This is the kind of spacious timelessness that constitutes the Void. In this reality, no healing work is needed because nothing needs to be “healed.” There is no need to fix, to change, to alter or adjust. There is only BEing and presence.

Within that spaciousness, all things are possible. When I hold the medicine of the Grand Canyon in my body, the doubting voices immediately become silent.

I invite you to examine where you can breathe more spaciousness into your life. In what ways can you allow more BEing and presence?

Many blessings!

Michelle Hawk Shaman Portland Sedona Reiki Master Healer Teacher

The Power of Subtlety

"Go big, or go home!"

"No pain, no gain!"

We're all familiar with these statements, and others that also glorify intensity, drama and suffering. I definitely used to be a member of the Harder/Better/Faster/Stronger camp. I think it was a combination of my desire for efficiency, my highly competitive nature and the need to receive instant gratification in knowing that my efforts had achieved some immediately measurable result.

It took me an embarrassingly long time, but I finally learned that healing doesn't work that way. In many ways, I almost felt exempt from the Universal Laws of subtle energy movements. See aforementioned competitive nature. "If anyone can heal overnight, it's me! I'll just do this one big ritual and I'll be good!" Then Spirit would kick my ass in some form or another and I would be forced to slow down, work on the subtleties and not try to rush anything or create some grand Hail Mary healing gesture.

There were times when I was moving through deep healing crisis, and the only thing I could do to work on myself was some mini personal practice, but I committed to doing it every day. One of the most gratifying examples of this took place a couple of years ago as I experienced the trials of the Portland housing market and had no idea where I was going to live. During a healing session, the practitioner told me that my root chakra was almost entirely shut down. I remember thinking, "That can't be right. I'm very grounded." But as I considered this information, I realized that I hadn't adjusted my personal practices to accommodate the destabilization I felt from losing my home. I silently promised myself in that moment to work on my root chakra and my sense of safety every day, even if only for five minutes.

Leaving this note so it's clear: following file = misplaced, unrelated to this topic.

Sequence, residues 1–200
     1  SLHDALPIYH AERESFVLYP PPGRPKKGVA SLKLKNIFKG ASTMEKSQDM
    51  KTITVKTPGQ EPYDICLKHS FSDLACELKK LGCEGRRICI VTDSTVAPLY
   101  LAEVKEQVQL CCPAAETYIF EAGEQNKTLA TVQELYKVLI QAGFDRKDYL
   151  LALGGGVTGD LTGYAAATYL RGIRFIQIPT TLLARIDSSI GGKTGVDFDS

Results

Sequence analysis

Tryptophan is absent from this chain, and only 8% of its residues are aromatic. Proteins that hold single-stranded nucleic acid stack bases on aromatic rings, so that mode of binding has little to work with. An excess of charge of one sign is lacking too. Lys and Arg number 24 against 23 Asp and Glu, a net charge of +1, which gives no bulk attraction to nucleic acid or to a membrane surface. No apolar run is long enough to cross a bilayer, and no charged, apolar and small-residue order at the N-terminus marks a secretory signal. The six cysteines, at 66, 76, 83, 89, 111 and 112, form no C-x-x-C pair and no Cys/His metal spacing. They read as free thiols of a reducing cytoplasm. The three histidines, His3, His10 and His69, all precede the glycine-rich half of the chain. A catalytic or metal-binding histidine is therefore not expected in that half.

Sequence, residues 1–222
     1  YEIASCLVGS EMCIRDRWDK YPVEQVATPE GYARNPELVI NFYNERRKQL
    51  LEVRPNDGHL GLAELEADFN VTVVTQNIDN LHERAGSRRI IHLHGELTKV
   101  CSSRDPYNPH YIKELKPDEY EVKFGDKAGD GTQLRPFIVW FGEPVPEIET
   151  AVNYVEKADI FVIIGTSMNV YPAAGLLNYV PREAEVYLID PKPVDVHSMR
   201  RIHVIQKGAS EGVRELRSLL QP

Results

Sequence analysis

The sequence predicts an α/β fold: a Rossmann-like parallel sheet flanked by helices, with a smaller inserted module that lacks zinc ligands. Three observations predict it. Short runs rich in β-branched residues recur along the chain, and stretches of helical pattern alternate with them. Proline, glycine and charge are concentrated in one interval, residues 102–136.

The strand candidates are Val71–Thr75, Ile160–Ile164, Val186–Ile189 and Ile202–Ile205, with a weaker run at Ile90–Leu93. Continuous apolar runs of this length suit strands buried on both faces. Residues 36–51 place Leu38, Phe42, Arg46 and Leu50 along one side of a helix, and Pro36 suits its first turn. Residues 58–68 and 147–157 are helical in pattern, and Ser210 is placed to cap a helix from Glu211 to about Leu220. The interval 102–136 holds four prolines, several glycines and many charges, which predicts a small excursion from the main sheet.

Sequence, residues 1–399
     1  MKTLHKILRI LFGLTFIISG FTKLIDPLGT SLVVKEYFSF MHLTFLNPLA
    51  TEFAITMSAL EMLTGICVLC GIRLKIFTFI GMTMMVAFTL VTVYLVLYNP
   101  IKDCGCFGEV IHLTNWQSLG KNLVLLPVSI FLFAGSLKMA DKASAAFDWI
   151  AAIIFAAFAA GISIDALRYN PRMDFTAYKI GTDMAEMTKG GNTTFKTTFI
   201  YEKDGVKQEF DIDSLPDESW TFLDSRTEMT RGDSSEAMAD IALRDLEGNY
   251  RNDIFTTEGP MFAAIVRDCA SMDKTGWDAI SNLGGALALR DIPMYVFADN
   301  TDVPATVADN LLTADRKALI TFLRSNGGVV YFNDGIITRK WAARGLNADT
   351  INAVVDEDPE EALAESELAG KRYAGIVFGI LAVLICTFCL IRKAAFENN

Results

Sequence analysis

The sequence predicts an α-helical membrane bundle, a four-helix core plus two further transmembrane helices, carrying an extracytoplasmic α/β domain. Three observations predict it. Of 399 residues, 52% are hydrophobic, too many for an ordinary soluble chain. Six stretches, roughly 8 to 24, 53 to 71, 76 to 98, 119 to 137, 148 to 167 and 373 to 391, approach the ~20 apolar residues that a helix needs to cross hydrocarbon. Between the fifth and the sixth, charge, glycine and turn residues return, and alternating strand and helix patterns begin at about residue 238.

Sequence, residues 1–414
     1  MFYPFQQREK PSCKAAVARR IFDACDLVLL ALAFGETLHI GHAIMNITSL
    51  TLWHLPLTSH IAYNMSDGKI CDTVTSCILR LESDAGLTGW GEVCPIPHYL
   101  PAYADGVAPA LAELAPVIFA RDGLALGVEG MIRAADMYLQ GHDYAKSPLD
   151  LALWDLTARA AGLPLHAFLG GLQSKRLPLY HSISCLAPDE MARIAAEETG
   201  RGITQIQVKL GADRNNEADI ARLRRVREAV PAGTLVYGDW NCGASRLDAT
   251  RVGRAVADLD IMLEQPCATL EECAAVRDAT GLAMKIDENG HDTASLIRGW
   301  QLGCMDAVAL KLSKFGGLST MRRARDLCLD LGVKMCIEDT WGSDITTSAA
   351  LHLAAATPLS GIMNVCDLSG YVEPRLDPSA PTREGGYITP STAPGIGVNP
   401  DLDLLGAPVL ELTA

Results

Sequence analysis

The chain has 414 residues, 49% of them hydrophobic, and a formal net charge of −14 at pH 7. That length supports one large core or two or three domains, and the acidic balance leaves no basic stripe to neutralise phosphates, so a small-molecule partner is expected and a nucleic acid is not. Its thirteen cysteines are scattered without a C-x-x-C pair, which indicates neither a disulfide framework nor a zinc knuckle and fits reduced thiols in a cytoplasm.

When I saw this healer again a couple of months later, she noted that my root chakra was not only fully back online, but huge! Also, all of my other chakras were more balanced and aligned because of the work I had been doing on my root chakra alone. Aside from the measurable difference in my energy field, I emotionally felt safer, more secure and confident, despite the upheaval in my living situation. I had worked every day for a few minutes on internalizing my sense of safety, rather than having my safety be dependent on external circumstances.

I share this story about subtle personal practice right now because this exact phenomenon is coming up for many of my clients and people in my immediate surroundings. I have had more discussions about subtle personal practices in the last couple of weeks than I have ever had in my life.

In a conversation with a friend of mine last week, we got around to talking about energy clearing. I perceived that his field was a bit "dusty" and asked him what he did for a clearing practice. "You mean like a sweat lodge?" He asked. I answered that a sweat lodge was a good way to do some bigger clearing, but asked again what he did every day for himself. "Oh. Nothing," he answered. At this point Spirit started poking me with a very direct message, so I asked him, "Do you believe that subtle daily practices actually work?" He looked a bit taken aback as he thought for a moment, then, almost sheepishly, answered, "I guess not."